Dewar notwithstanding, from the very get-go the claims made by Canada and the other western powers to be intervening in Libya to save civilian lives were a cynical pretense. It was invoked so as to justify intervening in a country that is not just rich in oil, but that borders Egypt and Tunisia, countries where popular uprisings had just unseated decades-old western-backed dictatorships.
While Dewar claims that it is still unclear if NATO and the Harper government are seeking “regime change” in Libya, western leaders, including Canada’s Prime Minister, have for weeks been declaring that there will be no end to the bombing of Libya cities until Gaddafi is forced from power. And NATO forces, acting under the command of the Canadian Bouchard, have repeatedly targeted Gaddafi and his family.
The NDP’s March vote in support of the CAF deployment against Libya was only the latest occasion in which Canada’s social-democratic party has facilitated imperialist war. The NDP supported the 1999 NATO bombing campaign against Yugoslavia, calling for an end to the bombing only a few days before NATO itself halted the slaughter. The NDP also long supported Canada’s participation in the Afghan War, including the leading role the CAF played in the counter-insurgency war in Kandahar Province, a Taliban stronghold. Even after officially calling for Canada to withdraw all combat troops from Afghanistan, the NDP reversed itself in December 2008 and agreed to serve in a Liberal-led coalition government committed to waging war in Afghanistan through 2011.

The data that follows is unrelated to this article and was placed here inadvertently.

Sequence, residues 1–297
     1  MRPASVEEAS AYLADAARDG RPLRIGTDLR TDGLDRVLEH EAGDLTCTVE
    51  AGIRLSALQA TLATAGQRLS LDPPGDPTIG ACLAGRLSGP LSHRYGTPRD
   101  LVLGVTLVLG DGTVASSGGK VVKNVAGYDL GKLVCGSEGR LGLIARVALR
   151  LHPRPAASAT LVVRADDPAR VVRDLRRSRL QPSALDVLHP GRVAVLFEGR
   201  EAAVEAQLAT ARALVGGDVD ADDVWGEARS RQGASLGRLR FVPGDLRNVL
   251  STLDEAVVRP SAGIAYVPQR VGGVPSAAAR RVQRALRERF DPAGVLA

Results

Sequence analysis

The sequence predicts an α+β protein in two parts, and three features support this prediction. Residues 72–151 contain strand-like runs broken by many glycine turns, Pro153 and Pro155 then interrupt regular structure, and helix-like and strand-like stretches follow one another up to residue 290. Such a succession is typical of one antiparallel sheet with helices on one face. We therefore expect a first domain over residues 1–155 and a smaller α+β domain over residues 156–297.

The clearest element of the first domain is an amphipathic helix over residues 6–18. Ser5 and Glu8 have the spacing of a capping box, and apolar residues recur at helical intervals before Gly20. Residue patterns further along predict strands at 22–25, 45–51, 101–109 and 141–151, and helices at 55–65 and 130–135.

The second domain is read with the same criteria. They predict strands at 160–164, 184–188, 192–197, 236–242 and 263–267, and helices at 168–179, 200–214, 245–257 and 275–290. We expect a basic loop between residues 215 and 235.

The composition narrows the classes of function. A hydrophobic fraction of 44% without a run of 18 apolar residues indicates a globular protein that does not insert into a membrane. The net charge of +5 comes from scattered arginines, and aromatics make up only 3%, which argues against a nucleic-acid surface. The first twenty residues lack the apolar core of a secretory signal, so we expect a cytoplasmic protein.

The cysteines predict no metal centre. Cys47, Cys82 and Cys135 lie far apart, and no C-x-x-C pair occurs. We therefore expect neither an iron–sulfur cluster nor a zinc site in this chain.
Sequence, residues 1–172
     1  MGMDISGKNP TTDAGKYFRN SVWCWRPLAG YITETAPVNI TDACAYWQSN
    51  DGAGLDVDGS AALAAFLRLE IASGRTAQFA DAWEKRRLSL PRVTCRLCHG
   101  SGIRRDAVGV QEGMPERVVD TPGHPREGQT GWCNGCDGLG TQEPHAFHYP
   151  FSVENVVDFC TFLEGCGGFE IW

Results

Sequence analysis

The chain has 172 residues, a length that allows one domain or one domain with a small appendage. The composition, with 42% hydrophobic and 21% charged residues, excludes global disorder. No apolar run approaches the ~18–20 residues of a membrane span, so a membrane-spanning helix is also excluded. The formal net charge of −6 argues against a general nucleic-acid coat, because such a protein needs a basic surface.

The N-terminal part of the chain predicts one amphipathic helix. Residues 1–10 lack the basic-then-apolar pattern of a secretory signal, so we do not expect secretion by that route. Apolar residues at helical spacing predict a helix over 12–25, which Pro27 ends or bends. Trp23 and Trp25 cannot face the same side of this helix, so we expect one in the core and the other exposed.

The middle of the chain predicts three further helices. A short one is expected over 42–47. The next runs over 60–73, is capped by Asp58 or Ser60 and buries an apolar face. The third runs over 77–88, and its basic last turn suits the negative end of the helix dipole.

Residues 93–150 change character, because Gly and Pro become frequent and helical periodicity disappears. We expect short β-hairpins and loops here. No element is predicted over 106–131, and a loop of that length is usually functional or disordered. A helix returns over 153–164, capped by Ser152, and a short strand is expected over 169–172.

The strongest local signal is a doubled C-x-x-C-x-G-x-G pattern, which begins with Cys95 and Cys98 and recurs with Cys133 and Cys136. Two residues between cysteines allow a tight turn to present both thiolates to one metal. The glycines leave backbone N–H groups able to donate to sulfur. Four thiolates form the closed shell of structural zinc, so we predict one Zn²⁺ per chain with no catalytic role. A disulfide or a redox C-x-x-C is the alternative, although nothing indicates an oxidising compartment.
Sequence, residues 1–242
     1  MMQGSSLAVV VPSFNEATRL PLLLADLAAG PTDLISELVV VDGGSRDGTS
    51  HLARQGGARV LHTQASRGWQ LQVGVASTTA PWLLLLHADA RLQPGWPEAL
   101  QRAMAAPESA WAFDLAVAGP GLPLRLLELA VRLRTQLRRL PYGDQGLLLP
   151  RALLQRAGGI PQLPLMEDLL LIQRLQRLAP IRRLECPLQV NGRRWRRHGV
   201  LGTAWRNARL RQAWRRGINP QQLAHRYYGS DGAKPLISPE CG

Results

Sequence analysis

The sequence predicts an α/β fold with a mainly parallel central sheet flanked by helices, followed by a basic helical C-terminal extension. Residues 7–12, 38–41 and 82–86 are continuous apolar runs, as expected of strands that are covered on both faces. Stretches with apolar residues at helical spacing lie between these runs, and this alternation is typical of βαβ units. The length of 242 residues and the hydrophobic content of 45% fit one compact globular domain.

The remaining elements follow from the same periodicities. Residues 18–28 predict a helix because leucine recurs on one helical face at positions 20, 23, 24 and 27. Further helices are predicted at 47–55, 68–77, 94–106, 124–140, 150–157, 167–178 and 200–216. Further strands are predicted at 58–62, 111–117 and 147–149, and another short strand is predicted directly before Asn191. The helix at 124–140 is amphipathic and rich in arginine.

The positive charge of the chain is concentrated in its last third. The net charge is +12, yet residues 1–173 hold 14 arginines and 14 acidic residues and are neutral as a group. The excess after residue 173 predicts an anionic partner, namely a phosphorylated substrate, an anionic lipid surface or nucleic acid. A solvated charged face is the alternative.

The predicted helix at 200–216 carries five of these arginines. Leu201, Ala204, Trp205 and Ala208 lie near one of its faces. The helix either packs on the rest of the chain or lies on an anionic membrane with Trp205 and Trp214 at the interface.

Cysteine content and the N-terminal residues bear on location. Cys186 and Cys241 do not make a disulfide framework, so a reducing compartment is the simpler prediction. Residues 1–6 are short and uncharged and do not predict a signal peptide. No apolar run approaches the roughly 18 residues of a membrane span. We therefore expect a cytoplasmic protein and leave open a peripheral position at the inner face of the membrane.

Whatever stand the NDP ultimately takes on the Conservatives’ new motion on Libya, it has once again shown itself to be a party of and for big business—a party that can no more serve as an instrument to oppose the predatory interests of the Canadian ruling elite abroad than it can serve as a means of resisting the ruling class assault on worker living standards, public services, and democratic rights at home.